At certain AGI there is no tax on shares of ESPP. The tax form does show the cost basis.
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Old 06-14-2021, 08:35 PM   #91
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There should not be taxes on the $100 but on $85 because of the 15% discount right?


No taxes on the $85.

The $15 discount would be reported as regular income on my W-2. (So if my salary for the year was $100,000, Box 1 of the W-2 would be $100,015).

Think of it this way: I used $85 of my own money to buy the stock. The stock was valued at $100 on the day I bought it. The company paid the remaining $15 on my behalf. That $15 is taxable compensation.

If I sold the stock for $100, I had no capital gains, so no additional income tax. If I sold for more than $100, I paid the required capital gains tax on x-100.
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Old 06-14-2021, 09:07 PM   #92
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No taxes on the $85.

The $15 discount would be reported as regular income on my W-2. (So if my salary for the year was $100,000, Box 1 of the W-2 would be $100,015).

Think of it this way: I used $85 of my own money to buy the stock. The stock was valued at $100 on the day I bought it. The company paid the remaining $15 on my behalf. That $15 is taxable compensation.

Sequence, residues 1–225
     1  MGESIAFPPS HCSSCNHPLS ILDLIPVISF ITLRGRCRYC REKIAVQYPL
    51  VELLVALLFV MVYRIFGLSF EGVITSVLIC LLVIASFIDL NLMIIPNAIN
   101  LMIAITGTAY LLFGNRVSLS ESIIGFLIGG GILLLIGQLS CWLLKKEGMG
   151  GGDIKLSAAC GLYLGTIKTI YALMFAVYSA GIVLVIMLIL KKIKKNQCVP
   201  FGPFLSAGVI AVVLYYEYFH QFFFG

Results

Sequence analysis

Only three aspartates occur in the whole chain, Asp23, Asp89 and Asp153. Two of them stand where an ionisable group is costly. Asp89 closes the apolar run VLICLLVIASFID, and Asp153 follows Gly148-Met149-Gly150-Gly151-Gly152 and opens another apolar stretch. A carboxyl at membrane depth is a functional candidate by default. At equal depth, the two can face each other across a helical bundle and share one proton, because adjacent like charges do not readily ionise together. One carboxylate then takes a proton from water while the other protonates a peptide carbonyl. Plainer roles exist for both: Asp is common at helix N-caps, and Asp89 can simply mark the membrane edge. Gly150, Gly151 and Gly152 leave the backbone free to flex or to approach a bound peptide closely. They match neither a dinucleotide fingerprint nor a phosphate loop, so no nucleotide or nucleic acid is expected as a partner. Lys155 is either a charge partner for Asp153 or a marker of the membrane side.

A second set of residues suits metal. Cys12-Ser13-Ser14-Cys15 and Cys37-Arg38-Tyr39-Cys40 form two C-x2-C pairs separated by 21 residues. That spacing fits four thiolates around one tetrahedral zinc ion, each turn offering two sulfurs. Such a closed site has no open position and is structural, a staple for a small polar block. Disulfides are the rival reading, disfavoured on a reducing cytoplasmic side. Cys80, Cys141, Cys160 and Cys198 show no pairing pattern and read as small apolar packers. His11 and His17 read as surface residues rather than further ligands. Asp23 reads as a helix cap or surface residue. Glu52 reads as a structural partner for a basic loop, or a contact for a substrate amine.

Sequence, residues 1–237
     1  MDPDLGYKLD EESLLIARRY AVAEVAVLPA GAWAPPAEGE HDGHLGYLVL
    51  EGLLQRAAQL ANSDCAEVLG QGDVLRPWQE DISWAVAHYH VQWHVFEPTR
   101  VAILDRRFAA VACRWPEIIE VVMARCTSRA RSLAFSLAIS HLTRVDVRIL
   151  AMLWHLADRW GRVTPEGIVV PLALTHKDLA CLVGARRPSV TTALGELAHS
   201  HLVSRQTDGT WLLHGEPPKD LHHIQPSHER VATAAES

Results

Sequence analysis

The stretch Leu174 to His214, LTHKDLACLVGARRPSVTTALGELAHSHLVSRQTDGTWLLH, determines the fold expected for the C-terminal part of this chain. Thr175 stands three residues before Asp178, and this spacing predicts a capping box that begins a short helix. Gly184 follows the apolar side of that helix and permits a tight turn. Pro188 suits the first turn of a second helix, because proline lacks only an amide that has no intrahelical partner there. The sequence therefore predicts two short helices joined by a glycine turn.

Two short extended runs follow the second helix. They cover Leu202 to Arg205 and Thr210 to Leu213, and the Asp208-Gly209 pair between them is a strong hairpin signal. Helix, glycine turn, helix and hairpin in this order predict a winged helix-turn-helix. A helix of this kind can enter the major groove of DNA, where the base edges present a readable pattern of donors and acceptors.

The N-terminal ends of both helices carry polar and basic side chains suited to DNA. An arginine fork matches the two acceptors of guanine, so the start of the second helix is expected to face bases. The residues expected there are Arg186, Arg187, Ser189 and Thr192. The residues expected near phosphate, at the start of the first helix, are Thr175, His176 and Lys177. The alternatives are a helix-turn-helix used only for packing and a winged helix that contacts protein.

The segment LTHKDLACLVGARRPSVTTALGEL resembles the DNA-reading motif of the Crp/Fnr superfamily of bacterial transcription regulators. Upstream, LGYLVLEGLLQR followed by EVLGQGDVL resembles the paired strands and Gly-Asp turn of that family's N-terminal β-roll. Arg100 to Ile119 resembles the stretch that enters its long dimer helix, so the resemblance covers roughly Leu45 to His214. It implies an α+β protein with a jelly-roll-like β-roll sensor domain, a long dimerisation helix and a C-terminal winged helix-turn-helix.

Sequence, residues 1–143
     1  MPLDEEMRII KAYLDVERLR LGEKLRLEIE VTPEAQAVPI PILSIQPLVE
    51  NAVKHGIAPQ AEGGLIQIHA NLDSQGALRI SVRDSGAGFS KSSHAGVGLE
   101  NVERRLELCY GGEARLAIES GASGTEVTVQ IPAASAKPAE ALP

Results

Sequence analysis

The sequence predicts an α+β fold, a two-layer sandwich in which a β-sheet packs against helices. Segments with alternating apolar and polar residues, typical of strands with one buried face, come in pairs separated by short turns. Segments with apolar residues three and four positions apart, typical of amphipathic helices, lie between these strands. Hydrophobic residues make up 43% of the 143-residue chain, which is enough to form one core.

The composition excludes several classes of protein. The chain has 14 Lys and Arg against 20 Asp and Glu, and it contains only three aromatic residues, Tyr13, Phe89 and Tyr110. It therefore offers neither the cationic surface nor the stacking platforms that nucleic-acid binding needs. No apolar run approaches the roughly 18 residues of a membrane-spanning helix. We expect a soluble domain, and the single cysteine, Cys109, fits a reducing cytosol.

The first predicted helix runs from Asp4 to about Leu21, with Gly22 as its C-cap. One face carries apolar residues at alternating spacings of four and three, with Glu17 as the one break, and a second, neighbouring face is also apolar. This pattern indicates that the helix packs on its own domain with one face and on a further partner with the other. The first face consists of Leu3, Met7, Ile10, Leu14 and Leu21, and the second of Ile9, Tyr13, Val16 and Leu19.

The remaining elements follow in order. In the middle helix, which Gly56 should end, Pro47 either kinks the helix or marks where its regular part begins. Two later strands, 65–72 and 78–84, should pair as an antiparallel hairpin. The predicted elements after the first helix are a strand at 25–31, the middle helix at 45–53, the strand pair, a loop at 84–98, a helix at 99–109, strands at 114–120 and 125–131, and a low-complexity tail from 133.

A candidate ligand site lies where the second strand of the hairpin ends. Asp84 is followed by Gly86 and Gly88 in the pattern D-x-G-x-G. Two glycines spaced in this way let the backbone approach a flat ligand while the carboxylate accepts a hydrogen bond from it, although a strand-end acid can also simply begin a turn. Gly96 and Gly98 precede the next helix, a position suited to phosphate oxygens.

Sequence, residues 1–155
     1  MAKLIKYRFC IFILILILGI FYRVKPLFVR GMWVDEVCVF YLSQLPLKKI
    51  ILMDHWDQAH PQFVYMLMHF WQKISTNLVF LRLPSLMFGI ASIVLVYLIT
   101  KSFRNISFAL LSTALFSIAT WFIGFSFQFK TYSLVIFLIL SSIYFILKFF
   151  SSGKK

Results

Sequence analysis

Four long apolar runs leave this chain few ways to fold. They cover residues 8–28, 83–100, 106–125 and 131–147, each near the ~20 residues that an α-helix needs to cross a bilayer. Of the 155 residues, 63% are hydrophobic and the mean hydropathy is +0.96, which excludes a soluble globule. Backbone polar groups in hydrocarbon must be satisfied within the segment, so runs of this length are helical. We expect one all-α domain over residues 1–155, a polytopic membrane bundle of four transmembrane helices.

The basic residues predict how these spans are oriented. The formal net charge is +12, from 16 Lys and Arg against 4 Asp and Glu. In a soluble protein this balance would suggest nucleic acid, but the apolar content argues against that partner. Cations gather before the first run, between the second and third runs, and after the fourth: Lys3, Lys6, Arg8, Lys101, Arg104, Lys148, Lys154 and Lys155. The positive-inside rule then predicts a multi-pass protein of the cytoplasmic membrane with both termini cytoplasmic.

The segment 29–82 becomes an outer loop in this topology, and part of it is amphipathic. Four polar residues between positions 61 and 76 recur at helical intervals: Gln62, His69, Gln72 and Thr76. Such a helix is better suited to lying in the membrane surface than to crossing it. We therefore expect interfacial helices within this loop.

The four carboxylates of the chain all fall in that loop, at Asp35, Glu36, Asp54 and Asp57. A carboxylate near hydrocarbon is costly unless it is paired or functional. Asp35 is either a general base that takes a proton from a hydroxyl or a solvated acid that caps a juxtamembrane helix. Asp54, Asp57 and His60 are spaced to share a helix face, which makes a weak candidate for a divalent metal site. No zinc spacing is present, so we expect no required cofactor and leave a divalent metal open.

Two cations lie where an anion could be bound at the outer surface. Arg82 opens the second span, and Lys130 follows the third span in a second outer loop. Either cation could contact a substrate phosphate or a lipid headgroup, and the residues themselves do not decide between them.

If I sold the stock for $100, I had no capital gains, so no additional income tax. If I sold for more than $100, I paid the required capital gains tax on x-100.
I do have to pay 15% discount tax too in my W-2. Makes sense.
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Old 06-14-2021, 09:37 PM   #93
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I appreciate the correction/reply, unfortunately, I don't understand ?

In the 1st paragraph, you state that I owe ordinary income tax on the bargain element (15%) even after 2 years. In the 2nd paragraph you mention that TT deluxe doesn't handle ESPP sales, so it will just treat them as regular sales.

I understand the following example wouldn't be (kosher)

If I sold ESPP shares this year, used TT deluxe next year & just entered them as regular 'stock sales' how would I end up paying more tax than I have to ?